1. When we chose to become a State
As much as the rest of the country rags on Texas for its gun laws, wild west mentality, and conservative approach to education, have you ever imagined how the United States of America would have turned out if Texas had never existed? Texas didn’t have to become a state – from 1836 to 1845 we were doing quite well. The reason Texas joined the Union when it did, was mainly due to the efforts of Presidents Tyler and Polk, and the fact there was support for the annexation of Texas by the majority of its inhabitants (many of whom were US citizens).
Without this annexation, Texas might have continued its westward expansion to New Mexico, Arizona, and possibly California. Without Texas to keep the peace by surrendering this territory in the Compromise of 1850, the Civil War might have come much sooner.
2. When we saved wine from the Great French Wine Blight
Texas becoming a state might have saved the Union, but what about the world? We need look no further than the driving force of all humanity — not oil, but alcohol. In the mid-19th century, a unprecedented blight started ravaging the valuable French grapes.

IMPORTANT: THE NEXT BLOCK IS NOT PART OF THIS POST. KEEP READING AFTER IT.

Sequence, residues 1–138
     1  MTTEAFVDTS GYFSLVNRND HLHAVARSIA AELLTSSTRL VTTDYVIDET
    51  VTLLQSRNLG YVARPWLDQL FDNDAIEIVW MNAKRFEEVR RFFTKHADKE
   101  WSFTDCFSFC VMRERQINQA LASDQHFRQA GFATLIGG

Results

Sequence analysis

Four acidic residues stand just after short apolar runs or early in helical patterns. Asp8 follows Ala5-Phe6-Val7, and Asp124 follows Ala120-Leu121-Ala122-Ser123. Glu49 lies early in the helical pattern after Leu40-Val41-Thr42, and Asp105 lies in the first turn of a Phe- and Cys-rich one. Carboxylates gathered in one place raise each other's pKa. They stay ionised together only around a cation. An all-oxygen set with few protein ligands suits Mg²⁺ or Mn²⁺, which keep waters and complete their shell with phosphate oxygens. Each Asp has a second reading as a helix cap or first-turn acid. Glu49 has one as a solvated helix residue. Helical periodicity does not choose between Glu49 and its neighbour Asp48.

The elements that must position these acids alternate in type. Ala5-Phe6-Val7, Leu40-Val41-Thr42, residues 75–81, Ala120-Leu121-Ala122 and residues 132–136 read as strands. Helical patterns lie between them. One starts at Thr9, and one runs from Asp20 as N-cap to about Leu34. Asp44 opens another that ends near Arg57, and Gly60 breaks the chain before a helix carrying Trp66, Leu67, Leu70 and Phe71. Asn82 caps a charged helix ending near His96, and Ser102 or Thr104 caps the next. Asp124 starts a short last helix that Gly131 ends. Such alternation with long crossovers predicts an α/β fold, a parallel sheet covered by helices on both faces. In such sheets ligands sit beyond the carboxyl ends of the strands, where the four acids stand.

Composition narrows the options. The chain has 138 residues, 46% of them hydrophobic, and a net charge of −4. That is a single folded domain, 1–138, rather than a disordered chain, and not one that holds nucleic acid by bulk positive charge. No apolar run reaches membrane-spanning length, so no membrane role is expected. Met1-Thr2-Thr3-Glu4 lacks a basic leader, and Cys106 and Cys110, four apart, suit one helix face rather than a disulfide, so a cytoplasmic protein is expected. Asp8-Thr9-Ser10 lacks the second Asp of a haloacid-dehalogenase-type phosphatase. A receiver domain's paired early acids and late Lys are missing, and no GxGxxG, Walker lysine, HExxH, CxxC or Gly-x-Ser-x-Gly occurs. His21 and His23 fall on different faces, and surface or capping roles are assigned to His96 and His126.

At the time, some growers proposed grafting French vines onto American vines which were resistant to the blight, but some wine connoisseurs initially prevented this from happening. In the end, however, many of the vines were sent to farms in Texas, where they flourished and were eventually returned to France.
So you can thank Texas for that Bordeaux you’re sipping.
3. When we saved the Buffalo
About 70,000 years ago, many anthropologists believe the population of the entire human race was down to just a few thousand, due in part, to the eruption of a super volcano in Indonesia.
As recently as 100 years ago, estimates were that the US buffalo population in the wild was less than fifty — fifty out of the millions that used to roam freely, mainly due to poaching.
Texan and rancher Charles Goodnight owned his own herd of buffalo, which he protected from poachers and predators. He sent three breeding bulls up to where the largest concentration of buffalo lived near Yellowstone and soon the repopulation began.
Granted, a large number of Texans were also probably responsible for the dwindling numbers of buffalo, but this makes up for it… right?
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